TRAVERSE CITY, MI – When it comes to dealing with their suppliers, some auto makers act like hunters and some act like farmers, Motor Mfg. Corp.'s Osamu “Simon” Nagata, pointed out last year at the Management Briefing Seminars.
This year,'s vice president of purchasing for North America, expands on the theme: Toyota clearly is a “farmer” that wants to nurture and support its suppliers so they can flourish.
“We need to sustain our supply base, otherwise we can't build vehicles,” he says.
What goes unsaid is that most North American auto makers still act more like “hunters,” treating suppliers as if they are disposable and easily replaced – an increasingly bitter pill for much of the beleaguered domestic auto supply base.
However, the concept of developing long-term, mutually beneficial supplier relations is not some new, feel-good philosophy; It goes back 65 years, Nagata tells conference attendees here.
“Our relationship goes deeper than just telling suppliers what to do or sharing expectations,” he says, adding that Toyota has formalized a method for receiving feedback from suppliers so they can voice their concerns without fear and make Toyota a better customer.
Suppliers already have come up with some helpful suggestions, such as pointing out problems with the way Toyota returns shipping containers and with inconsistencies from plant to plant in measuring defective parts. (See related story: Toyota Seeks Supplier Feedback)
“We are experiencing growing pains, so it is more critical than ever that we have strong suppliers,” Nagata says. “We are working with our suppliers on these concerns to be a better customer. We realize our suppliers face the same challenges of increasing competition, and we can meet these challenges as a team.”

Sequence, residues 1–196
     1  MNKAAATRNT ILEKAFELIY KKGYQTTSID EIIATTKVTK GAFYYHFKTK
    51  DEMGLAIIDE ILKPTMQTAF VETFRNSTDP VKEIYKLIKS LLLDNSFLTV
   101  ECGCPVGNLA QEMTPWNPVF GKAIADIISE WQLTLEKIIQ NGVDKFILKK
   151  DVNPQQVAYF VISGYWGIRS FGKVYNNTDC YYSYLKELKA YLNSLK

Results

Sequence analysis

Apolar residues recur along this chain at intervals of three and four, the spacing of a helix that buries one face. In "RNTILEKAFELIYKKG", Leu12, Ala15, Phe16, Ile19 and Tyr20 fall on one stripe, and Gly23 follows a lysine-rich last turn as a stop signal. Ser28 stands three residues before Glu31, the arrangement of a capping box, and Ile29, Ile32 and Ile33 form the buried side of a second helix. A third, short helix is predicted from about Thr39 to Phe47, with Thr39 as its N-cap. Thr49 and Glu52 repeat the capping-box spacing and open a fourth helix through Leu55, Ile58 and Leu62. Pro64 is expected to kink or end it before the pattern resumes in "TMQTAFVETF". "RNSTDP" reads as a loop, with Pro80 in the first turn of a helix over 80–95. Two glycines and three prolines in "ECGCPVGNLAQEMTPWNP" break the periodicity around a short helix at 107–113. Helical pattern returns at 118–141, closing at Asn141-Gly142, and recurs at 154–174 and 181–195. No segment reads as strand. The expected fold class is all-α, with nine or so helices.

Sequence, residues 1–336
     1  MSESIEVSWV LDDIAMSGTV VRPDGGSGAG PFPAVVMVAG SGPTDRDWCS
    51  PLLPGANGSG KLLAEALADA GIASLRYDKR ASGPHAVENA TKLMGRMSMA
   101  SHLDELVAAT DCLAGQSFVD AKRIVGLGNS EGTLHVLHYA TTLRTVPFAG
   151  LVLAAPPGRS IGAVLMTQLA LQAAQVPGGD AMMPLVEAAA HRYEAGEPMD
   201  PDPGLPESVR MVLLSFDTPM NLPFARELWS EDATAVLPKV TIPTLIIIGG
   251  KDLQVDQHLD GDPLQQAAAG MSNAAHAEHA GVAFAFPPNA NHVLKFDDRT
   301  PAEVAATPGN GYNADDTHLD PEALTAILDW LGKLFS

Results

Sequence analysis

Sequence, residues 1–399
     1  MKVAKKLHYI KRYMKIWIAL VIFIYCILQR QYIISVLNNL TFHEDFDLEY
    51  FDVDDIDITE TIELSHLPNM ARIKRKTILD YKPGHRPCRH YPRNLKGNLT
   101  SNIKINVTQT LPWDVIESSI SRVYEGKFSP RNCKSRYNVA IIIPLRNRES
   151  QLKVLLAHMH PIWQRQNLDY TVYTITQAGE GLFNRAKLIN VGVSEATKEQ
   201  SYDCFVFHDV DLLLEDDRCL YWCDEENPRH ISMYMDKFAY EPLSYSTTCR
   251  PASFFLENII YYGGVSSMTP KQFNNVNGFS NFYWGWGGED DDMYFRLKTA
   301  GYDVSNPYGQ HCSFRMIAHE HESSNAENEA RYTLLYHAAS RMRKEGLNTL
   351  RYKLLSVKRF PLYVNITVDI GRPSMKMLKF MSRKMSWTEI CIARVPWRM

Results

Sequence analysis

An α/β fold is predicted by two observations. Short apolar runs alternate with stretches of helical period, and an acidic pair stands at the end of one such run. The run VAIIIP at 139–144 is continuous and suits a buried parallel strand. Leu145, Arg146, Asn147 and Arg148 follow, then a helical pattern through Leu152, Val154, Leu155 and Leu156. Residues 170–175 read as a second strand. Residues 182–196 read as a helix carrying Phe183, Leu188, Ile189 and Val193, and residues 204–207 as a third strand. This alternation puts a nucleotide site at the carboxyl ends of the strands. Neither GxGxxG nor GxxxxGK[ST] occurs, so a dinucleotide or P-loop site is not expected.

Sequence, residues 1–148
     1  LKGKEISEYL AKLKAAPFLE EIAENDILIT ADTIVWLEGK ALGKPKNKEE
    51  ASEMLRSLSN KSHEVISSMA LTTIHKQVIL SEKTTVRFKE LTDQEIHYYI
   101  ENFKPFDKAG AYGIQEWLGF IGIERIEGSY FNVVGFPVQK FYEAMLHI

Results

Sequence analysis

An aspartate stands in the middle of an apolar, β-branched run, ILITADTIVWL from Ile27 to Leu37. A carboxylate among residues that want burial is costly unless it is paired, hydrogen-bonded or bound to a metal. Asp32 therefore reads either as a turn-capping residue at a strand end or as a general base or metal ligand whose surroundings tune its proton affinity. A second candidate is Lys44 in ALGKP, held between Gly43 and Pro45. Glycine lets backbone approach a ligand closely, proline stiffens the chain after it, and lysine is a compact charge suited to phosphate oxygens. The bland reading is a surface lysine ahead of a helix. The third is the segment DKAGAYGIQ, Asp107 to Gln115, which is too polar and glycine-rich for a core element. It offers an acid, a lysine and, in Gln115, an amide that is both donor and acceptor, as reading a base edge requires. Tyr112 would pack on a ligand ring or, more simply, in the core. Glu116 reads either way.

He points out that having formalized supplier relations makes sense, because most companies already devote extensive resources to areas such as public relations, employee relations and investor relations.
Toyota purchasing's role is “helping our suppliers become stronger. In other words, purchasing should be proactive in strengthening our suppliers,” he says.
Nagata cites a local example in which the auto maker worked with a unit of bankrupt Tower Automotive Inc. in Traverse City to solve a production problem.
“Tower recognized that their response time to shop floor problems was not adequate to support additional business,” he says. “They needed a method to clearly identify when something was not right on the floor that allowed the group leader to pinpoint the location of the problem immediately, but they didn't want to spend hundreds (or thousands) on implementation.”
The problem was solved by creating what Nagata calls a “support activation board.” The board designated specific workers to serve as monitors for each shift. A 2-way radio was mounted to a column, allowing workers to call immediately for support, turn on a flashing light and place a flag on the machine that needed attention.
“They found an inexpensive way to accomplish their goal, a $15 flashing light and $5 bike flags,” Nagata says.
Nevertheless, he admits Toyota's purchasing chain may not be as bulletproof as numerous recent independent surveys suggest.
“Between OEMs and the suppliers, we have been losing confidence in each other,”
Nagata says of the industry as a whole and not characterizing the state of Toyota's supplier pacts.
“Confidence is different than trust,” he says. He refers to confidence as a 2-way street and says Toyota and its suppliers have, at times, fallen short, despite Toyota's oft-lauded procurement philosophy.
Nagata says Toyota's more than 400 North American suppliers have supported the company in most cases, helping to boost productivity and quality while adhering to the auto maker's production system.
He says dropping a supplier is the “last option” in resolving confidence issues, and he characterizes Toyota as “patient” in confronting suppliers that can't cut the mustard.
Nagata also dispels another notion that Toyota is not a team player in helping to resolve supplier issues that affect the larger OEM community in North America, especially the raft of recent supplier Chapter 11 filings.
“Whenever we have (a) supplier bankruptcy,” he says, “We usually join a customer group to find the best way to resolve this issue.”